Nickel Silicide As a Precatalyst for Green Hydrogen

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The development of earth-abundant metal-based catalysts to accelerate the sluggish oxygen evolution reaction (OER) is crucial for the commercial production of green hydrogen. This can be achieved by employing a nickel silicide, which has the potential to serve as a precatalyst for anodic OER due to its high efficiency and stability.

The preparation of nickel silicide involves a two-step procedure. The first step is a chemical dry-clean using ammonium fluorosilicate, which suppresses the formation of NiSi2 from the native oxide on the substrate. The second step is sputtering of nickel, followed by deposition of a titanium nitride cap-film. Both steps are performed in an oxygen-rich atmosphere. This imposes a high energy requirement, which can lead to the agglomeration of Ni, resulting in nickel silicide with an unsatisfactory morphology.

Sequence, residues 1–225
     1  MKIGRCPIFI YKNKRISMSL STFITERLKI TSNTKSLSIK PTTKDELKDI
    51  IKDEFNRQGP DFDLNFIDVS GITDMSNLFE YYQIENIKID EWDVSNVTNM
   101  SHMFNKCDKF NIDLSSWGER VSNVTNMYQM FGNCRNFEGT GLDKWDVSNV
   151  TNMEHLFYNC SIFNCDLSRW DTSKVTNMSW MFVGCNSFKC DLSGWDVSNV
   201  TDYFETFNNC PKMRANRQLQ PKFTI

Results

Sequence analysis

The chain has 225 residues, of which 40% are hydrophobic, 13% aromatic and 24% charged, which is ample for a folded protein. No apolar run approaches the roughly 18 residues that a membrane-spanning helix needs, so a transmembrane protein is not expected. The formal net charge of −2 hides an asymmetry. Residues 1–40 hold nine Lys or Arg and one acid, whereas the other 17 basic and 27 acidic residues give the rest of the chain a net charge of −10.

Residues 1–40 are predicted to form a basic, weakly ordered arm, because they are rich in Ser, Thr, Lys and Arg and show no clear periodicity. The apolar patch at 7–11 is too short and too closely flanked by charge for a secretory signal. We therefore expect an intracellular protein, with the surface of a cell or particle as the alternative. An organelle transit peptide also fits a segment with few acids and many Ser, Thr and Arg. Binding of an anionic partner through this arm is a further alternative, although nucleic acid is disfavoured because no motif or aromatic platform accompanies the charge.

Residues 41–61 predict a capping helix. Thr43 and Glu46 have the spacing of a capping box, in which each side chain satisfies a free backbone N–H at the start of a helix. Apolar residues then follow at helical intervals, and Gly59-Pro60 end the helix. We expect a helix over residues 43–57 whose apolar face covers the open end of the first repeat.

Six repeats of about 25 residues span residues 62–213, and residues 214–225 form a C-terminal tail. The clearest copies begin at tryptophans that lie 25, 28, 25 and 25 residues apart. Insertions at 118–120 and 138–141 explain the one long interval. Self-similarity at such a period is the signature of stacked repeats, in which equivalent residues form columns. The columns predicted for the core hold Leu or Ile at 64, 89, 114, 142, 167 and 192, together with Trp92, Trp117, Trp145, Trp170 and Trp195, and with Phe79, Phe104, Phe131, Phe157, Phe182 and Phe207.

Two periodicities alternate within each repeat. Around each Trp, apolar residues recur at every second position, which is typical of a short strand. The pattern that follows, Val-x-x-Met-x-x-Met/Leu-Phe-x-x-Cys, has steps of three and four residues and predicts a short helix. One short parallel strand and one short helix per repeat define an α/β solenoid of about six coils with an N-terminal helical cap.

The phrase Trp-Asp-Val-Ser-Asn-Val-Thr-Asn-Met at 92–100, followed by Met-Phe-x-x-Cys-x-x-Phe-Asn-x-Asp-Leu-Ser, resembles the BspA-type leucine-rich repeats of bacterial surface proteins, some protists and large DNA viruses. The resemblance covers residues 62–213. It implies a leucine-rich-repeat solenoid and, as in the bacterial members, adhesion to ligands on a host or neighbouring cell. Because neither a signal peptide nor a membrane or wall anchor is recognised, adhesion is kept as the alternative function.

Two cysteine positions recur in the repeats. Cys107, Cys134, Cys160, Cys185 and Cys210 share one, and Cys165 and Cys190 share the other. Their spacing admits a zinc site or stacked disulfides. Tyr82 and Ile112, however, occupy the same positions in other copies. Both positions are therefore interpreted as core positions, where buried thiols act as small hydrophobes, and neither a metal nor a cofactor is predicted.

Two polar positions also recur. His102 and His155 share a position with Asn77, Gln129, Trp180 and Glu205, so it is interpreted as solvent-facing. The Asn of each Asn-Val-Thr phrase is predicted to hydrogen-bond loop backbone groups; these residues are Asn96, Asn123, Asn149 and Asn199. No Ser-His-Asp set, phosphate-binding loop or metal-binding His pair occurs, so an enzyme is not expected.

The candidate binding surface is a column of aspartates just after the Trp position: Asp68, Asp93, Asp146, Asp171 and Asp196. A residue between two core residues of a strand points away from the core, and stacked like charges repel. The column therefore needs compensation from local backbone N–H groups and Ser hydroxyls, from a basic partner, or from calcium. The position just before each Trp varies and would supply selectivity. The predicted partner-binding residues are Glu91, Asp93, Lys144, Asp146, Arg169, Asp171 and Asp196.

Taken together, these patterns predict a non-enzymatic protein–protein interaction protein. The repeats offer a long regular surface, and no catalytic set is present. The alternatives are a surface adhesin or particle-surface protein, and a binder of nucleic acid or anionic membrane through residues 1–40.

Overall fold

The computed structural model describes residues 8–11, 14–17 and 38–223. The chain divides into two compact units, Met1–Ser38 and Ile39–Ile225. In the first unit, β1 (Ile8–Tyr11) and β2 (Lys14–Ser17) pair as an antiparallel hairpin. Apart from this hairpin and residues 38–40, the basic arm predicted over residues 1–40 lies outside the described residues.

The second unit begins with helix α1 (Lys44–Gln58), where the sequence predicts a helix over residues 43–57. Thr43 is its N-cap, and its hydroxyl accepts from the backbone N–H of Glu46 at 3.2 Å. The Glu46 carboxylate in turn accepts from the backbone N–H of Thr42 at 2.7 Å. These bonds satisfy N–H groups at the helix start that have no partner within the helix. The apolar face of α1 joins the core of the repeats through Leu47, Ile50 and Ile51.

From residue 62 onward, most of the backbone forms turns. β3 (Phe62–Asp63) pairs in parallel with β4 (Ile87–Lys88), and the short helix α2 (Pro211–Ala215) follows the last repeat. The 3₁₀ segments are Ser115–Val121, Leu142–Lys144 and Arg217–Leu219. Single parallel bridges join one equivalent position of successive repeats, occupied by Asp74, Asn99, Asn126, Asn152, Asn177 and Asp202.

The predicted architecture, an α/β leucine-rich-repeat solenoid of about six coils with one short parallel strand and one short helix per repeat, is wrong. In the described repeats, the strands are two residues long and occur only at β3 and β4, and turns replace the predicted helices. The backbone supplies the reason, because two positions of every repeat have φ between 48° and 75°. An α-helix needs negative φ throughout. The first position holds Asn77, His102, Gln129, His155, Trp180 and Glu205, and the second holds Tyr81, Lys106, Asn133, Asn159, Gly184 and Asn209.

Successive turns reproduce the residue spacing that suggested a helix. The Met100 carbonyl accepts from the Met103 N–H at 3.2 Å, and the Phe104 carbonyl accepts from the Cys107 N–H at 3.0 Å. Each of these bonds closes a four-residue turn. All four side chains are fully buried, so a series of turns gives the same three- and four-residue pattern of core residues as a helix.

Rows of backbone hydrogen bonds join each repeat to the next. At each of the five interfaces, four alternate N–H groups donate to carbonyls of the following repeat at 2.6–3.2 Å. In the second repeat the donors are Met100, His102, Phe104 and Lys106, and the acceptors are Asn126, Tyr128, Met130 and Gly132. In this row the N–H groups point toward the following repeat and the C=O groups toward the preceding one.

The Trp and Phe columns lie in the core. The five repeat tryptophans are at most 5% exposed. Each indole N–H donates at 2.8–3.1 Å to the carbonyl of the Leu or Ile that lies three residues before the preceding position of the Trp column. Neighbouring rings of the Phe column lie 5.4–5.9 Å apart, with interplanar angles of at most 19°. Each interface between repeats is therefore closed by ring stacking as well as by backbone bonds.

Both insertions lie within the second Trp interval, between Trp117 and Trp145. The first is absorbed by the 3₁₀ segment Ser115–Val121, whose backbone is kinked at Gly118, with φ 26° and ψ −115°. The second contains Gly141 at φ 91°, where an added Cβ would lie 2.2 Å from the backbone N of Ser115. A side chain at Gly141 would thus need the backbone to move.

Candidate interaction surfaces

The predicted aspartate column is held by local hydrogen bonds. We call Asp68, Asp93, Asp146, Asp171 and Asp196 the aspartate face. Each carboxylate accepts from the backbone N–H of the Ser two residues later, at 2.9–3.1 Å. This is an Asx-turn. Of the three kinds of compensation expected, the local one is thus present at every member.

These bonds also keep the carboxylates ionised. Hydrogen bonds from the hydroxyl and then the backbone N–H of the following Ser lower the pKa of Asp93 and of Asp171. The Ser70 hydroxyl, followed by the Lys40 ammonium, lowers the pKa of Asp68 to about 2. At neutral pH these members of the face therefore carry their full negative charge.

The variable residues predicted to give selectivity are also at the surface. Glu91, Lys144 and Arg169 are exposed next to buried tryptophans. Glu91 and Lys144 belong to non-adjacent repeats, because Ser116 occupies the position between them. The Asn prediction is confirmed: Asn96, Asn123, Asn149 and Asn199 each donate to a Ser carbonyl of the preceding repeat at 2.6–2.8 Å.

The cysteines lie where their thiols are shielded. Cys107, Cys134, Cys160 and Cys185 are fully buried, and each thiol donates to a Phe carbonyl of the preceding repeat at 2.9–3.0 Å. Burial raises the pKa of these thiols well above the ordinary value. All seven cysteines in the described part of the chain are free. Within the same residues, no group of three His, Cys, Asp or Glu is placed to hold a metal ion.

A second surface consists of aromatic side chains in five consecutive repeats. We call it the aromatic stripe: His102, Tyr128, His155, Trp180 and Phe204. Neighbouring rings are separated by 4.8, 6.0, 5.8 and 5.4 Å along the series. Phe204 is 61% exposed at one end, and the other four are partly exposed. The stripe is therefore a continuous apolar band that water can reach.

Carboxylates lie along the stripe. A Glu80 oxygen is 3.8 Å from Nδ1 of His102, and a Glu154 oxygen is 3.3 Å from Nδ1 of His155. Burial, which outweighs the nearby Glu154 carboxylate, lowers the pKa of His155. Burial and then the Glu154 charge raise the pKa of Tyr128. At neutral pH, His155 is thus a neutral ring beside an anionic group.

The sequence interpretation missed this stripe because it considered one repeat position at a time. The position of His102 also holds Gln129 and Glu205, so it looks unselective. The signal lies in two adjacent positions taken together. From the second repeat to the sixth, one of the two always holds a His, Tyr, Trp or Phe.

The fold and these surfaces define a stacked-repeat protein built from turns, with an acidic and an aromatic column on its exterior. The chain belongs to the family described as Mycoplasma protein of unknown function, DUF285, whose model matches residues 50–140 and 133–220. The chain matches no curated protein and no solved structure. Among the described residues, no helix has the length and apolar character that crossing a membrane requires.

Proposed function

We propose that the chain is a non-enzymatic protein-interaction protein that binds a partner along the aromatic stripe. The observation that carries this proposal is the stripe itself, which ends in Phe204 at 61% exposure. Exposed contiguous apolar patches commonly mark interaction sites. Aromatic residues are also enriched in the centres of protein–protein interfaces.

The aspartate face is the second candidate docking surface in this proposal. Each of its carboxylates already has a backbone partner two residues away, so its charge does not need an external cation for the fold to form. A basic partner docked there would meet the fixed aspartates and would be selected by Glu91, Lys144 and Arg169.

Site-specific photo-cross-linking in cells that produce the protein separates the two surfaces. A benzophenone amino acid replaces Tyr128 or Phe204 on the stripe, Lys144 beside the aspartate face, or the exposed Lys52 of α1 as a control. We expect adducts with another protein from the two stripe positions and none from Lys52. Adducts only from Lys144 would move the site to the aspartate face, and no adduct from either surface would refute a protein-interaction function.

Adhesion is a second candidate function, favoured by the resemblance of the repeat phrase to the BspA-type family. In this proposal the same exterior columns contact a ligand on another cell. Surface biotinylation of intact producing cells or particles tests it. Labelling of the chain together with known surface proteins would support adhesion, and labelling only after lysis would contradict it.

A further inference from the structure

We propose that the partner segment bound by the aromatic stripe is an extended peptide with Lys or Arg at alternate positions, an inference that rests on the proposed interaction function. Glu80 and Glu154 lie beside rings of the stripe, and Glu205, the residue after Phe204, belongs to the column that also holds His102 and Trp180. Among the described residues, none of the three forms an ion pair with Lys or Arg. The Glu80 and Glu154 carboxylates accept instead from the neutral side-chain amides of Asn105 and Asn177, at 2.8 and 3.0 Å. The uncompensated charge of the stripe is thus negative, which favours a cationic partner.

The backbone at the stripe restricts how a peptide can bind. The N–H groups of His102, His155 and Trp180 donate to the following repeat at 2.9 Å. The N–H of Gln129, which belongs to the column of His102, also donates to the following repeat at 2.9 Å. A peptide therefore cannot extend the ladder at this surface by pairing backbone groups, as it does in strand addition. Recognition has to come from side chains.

Several approaches have been developed to improve the morphology of nickel silicide, including etchant chemistry and thermal annealing. However, the agglomeration problem is difficult to avoid for very thin (e.g., 10 nm) layers, since it is driven by the surface and interface energy. In addition, the etchant chemistry only delays the agglomeration process and does not completely eliminate unreacted nickel.

In order to fully understand the morphology of nickel silicide, depth-resolved composition and crystallography are required. This can be achieved with a non-invasive probe. X-ray pole figure measurements6,7, transmission electron microscopy (TEM),8,9 and Rutherford backscattering spectrometry (RBS)10 can all provide this information. For example, RBS and TEM can detect the crystal axis and planes in the silicide layer. The resulting patterns are very similar to those of the Si substrate, showing that the silicide layer is epitaxial.

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